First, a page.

President Barack Obama fulfilled his promise to veto the Keystone pipeline bill on Tuesday — his first formal rejection of legislation in five years.
The bill had been awaiting his signature after passing the Republican-controlled Senate and House of Representatives with bipartisan support. In the Senate, nine Democrats voted for the bill, while 19 Democratic House representatives voted in favor.
Steven Greene, a political science professor at N. C. State University, said he thinks the bipartisanship of the bill was overrated.
“It’s just a great example on both sides of politics overriding a rational approach to policy,” Greene said. “There was complete hyperbole on both sides about what the consequences of this pipeline would be.”
Conservatives have touted the Keystone XL bill as a job-creator and are frustrated by Obama’s veto. U.S. Sen. Thom Tillis, R-N.C., called the veto “extremely disappointing.”
Tillis said the bill was a “common sense jobs and infrastructure bill that garnered broad bipartisan support in both the House and the Senate.”
Greene thought Obama vetoed the bill to appease the environmental community.
Frank Pray, president of UNC College Republicans, said he thinks GOP legislators backed the pipeline because it would reduce the need for foreign oil.
“The building of the pipeline would create thousands of jobs in the short term,” he said. “In addition, it would make America more energy secure, and it would let the world know that we are open for business.”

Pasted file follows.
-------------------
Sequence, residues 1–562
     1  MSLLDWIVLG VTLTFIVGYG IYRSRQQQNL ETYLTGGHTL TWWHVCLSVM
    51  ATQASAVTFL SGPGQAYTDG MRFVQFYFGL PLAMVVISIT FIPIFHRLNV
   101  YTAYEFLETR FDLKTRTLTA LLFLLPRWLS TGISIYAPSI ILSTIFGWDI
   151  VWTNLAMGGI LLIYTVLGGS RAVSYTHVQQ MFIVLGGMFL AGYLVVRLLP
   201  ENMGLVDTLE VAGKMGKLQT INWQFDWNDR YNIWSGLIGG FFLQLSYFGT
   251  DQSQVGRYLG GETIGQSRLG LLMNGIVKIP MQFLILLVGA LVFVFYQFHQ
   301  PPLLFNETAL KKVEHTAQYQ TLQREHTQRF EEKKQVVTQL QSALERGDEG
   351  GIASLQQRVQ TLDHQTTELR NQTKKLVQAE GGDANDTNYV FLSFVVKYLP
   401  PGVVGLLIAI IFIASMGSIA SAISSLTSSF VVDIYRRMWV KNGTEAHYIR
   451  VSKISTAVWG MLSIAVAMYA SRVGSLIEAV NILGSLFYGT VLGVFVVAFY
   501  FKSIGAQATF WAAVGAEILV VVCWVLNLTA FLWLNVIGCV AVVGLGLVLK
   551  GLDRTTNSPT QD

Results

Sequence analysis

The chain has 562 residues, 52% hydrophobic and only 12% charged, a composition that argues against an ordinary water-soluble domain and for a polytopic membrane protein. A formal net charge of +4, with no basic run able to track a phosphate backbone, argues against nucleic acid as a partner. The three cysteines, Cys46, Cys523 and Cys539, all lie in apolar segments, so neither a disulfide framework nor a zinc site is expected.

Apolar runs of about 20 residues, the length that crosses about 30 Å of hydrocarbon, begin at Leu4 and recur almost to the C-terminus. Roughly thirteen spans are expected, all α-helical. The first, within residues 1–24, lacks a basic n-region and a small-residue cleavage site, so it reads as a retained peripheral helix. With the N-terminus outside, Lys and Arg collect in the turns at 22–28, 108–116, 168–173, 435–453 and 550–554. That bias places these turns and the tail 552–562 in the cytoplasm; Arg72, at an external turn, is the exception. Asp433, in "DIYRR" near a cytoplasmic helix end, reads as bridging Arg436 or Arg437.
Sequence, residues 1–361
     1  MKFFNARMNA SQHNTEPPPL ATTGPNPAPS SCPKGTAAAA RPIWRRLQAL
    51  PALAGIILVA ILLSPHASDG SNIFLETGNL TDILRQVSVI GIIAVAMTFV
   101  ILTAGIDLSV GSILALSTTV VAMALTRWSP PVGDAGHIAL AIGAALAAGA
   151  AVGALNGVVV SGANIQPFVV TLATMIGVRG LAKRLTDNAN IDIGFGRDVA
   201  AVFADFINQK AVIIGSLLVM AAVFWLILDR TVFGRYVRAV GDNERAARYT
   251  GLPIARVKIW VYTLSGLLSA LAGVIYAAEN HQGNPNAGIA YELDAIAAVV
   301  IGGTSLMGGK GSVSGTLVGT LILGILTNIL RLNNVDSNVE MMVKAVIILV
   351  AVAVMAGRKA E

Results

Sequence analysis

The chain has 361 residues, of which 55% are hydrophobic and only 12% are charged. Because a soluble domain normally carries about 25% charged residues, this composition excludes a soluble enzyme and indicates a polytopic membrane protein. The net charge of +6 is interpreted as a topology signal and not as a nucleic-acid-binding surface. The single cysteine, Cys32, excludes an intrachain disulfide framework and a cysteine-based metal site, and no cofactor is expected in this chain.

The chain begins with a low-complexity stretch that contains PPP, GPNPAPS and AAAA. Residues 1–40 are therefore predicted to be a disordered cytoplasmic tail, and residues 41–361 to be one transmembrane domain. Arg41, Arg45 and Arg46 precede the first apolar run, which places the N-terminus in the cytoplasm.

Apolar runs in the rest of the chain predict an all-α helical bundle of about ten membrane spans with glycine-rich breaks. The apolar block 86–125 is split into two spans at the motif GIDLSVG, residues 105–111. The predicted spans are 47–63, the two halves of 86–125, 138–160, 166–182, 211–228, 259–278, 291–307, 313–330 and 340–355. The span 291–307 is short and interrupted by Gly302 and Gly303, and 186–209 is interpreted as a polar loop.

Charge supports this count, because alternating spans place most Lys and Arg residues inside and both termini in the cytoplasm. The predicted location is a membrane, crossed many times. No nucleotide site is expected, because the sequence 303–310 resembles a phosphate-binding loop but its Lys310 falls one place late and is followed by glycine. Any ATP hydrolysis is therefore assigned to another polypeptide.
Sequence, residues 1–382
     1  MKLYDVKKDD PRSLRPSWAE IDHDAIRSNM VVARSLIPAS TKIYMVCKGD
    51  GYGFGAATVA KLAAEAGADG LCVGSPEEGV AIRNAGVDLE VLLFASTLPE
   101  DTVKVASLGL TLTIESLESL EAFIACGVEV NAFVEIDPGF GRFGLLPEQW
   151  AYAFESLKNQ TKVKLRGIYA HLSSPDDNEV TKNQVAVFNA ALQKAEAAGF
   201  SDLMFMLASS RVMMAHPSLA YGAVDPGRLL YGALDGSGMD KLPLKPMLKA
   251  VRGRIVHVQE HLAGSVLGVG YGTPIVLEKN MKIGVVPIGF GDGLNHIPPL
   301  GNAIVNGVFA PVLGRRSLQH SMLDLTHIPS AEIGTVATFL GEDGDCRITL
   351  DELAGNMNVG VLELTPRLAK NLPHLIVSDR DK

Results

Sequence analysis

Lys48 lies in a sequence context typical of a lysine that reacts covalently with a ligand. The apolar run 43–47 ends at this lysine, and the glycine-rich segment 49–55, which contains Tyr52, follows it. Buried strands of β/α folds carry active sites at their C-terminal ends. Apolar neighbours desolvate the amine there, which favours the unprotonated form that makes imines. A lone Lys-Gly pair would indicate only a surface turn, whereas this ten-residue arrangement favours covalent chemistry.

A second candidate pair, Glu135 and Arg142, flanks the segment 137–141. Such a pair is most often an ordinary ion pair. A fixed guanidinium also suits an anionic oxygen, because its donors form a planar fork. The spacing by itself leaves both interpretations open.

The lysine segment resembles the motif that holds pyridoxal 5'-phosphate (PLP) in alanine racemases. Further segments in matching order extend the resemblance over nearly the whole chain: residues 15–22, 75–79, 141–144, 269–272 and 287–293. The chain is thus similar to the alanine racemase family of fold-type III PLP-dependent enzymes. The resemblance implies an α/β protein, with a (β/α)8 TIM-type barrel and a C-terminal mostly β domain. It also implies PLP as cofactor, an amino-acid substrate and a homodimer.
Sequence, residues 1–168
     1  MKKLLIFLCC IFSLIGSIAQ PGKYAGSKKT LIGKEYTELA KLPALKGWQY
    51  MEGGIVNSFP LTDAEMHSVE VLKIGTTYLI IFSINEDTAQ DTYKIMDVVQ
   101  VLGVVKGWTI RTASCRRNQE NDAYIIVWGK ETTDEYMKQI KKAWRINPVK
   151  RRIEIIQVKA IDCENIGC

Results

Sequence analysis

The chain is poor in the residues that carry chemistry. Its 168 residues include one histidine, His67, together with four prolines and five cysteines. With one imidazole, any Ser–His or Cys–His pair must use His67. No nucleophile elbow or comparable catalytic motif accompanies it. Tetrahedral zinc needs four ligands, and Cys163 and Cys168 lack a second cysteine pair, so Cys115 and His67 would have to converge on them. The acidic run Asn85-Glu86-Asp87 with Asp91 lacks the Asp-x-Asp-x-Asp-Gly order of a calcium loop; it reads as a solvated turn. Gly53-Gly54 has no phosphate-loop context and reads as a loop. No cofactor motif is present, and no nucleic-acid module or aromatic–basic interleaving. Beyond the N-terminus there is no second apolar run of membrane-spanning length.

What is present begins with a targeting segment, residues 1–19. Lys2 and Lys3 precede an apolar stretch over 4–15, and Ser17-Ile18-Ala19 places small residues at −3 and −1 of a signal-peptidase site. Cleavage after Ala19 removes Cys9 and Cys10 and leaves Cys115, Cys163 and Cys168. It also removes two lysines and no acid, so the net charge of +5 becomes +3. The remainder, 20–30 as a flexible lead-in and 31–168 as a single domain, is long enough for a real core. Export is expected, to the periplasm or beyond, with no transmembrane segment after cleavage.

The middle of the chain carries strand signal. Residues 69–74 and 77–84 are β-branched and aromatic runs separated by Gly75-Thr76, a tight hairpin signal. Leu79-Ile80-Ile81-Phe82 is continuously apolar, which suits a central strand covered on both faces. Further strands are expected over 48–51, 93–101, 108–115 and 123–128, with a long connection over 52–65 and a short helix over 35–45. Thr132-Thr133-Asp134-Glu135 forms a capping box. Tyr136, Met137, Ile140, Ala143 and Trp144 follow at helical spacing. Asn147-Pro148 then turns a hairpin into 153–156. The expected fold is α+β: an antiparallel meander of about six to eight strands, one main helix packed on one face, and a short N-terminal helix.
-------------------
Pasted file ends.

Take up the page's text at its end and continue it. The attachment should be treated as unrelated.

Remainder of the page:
The pipeline would cover 875 miles and passed through Montana, South Dakota and Nebraska. The tar sands crude oil is in Canada.
Currently, the same crude sands oil from Canada is often transported by rail. According to a study by the Natural Resources Defense Council, transporting crude oil by train is dangerous — and vapors can be released out of railcars. Oil spills are also a hazard with this form of transport.
Tony Liu, president of UNC Young Democrats, was supportive of the veto because it does not reduce the U.S.’s need for oil.
“Every step possible we can striving towards sustainable solutions is important, and Keystone XL is not one of those bills,” he said.
Liu said the pipeline was not about job creation as much as an environmental issue.
“Energy is such a critical part of our infrastructure,” he said.
During construction, the pipeline would create 42,100 jobs, and it would employ 35 to 50 to maintain the pipeline after construction, according to the U.S. State Department.
Dustin Chicurel-Bayard, spokesman for the N.C. Sierra Club, was a proponent of the veto because it was a step forward in the nation’s energy policy.
“It’s good that the president did exactly what he said he would do,” he said. “This committed veto from the president is a wonderful sign that we need to start moving forward.”
In addition to potential leaks in the pipeline, Chicurel-Bayard was concerned about the negative environmental impact the pipeline would have globally.
“The Keystone pipeline would significantly contribute to the climate crisis we have going on,” he said. “The biggest concern is global — it’s the carbon emissions it’s the contribution to climate disruption.”
The headline of this article has been clarified.
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